Next, we want the illusion to work not just as someone walks around the cube, but also as they climb above it or crouch below it. Again, no problem: we use two sheets, at right angles, oscillating at right angles, so allow both vertical and horizontal compensation.

Finally, we might not want mechanical sheets (they will be hard to oscillate quickly, if they're big). Again, no problem: there are electrorefractive materials whose refractive index can be changed by a voltage, and these can be fashioned into lens systems which will "sweep" back and forth (and up and down) in the same way.

 — MaxwellBuchanan, May 28 2011

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Annotation:

Apart from the rustling sound of a plastic cape being flogged about one's person by a frantic oscillating apparatus, what's to notice?
 — infidel, May 28 2011

*ahem* I'm over here.
 — MaxwellBuchanan, May 29 2011

Yeah, I know... and your fly is undone.
 — infidel, May 29 2011

A kimono has no fly.
 — MaxwellBuchanan, May 29 2011

What is that power cord, which apparently goes nowhere, doing in here?
 — Boomershine, May 29 2011

 Since you are after very precise directional projection, lasers might be better than LEDs. (Of course, with a sufficiently powerful laser, it's relatively trivial to ensure that any bystanders are unable to see the cube).

//A kimono has no fly.// (Consults list) Yep, that checks out.
 — spidermother, May 29 2011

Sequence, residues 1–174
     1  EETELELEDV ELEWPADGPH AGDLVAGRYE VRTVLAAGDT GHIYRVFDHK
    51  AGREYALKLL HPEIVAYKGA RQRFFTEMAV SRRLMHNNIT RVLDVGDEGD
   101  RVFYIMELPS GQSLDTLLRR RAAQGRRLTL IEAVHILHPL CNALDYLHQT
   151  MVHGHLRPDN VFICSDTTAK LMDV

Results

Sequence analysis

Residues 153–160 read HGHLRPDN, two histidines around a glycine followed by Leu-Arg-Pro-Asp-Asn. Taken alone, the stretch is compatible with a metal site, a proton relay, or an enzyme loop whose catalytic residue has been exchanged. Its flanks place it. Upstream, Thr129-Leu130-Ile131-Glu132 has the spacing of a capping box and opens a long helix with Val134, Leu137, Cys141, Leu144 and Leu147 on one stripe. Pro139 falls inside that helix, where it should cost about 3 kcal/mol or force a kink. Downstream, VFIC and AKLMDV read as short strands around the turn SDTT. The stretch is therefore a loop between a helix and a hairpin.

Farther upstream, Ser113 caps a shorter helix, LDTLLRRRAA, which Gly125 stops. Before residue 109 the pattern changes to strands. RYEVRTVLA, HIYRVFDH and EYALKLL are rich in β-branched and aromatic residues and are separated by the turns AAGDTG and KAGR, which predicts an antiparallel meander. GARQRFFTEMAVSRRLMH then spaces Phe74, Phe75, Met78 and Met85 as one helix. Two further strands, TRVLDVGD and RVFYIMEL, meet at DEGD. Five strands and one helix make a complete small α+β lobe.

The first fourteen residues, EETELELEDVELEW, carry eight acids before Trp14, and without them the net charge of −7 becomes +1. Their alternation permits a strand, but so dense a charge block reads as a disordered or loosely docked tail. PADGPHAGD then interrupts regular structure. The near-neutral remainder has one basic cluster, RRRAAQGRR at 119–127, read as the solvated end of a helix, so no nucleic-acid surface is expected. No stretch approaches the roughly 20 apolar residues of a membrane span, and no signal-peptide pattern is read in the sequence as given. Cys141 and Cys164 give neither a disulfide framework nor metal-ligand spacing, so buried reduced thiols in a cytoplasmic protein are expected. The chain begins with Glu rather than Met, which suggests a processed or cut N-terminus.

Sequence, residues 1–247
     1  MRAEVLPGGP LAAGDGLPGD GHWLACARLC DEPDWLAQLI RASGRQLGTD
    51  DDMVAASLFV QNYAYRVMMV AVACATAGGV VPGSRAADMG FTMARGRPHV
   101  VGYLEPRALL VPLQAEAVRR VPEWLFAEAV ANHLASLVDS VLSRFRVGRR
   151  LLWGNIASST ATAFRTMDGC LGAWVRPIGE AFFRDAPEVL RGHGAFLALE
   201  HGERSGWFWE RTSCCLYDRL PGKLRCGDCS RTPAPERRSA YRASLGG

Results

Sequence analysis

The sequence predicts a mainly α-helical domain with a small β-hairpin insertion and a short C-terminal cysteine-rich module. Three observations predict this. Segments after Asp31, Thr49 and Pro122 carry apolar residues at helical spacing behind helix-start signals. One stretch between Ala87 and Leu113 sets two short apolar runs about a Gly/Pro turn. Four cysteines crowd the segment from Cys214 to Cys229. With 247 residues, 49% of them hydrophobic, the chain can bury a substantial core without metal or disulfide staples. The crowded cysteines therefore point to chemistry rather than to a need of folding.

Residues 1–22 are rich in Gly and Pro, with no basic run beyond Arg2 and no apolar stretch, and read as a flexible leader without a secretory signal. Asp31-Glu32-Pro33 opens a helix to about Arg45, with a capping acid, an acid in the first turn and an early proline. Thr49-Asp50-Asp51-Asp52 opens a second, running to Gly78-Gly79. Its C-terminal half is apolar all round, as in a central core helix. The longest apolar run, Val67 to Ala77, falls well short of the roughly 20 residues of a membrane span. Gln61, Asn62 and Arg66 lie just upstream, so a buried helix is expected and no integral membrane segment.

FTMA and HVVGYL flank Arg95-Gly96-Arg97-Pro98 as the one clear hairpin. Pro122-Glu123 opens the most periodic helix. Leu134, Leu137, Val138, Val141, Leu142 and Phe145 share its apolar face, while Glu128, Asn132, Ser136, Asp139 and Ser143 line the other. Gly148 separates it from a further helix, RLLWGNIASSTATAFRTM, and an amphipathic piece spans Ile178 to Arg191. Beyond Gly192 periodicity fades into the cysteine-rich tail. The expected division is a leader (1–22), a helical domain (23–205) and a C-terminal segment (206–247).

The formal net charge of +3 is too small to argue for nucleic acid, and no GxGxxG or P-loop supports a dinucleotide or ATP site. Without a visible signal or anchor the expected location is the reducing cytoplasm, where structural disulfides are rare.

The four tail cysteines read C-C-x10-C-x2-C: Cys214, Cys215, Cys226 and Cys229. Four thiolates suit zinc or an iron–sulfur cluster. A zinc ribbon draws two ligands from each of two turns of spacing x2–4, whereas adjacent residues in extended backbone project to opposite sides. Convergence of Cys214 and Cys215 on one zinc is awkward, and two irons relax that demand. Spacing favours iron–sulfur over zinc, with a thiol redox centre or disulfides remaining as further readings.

Make the suit spherical-ish, swap out the camera/led's for braded fiber optic cables and you could climb above or below it all you'd like and not see the suit. No power supply either.
 — 2 fries shy of a happy meal, May 29 2011

 //swap out the camera/led's for braded fiber optic cables//

 I think the problem there is that the brightness will only be a small fraction of what it "should" be, since each fibre-path will collect and relay only a small fraction of the ambient light; you need some sort of amplification.

On the other hand, you could use fibres but have a "light amplifier" for each fibre in the middle of the sphere (ie, incoming light is detected, and a proportionately stronger light of the same colour is then emitted into the outgoing fibre). It then becomes, in effect, a camera/LED system again, but with the electronics remote from the lenses.
 — MaxwellBuchanan, May 29 2011

 I think the lag could be made quite small, given some very good electronics - a millisecond or two should be attainable, perhaps less.

 In the first instance, I think a demonstration could be done (rather clumsily) using existing displays and cameras, albeit at low-res and slow speed. Once you put together a proof-of-concept (maybe make a simple cube invisible from front and back, with a viewed pixel-count of maybe 10 pixels per inch), you'd get serious interest in developing a dedicated system.

 The spinning lens system is nice - I wondered about it, but wasn't sure how you'd avoid some sort of radial effect due to different sweep-speeds (plus you're then limited to a circular area). However, I suspect that clever lens design could get around that.

Also, clever lenses could mask the alternating stripes of the cameras (thin though these would be), by displacing some of the light sideways, as well as angling it for the viewers.
 — MaxwellBuchanan, May 29 2011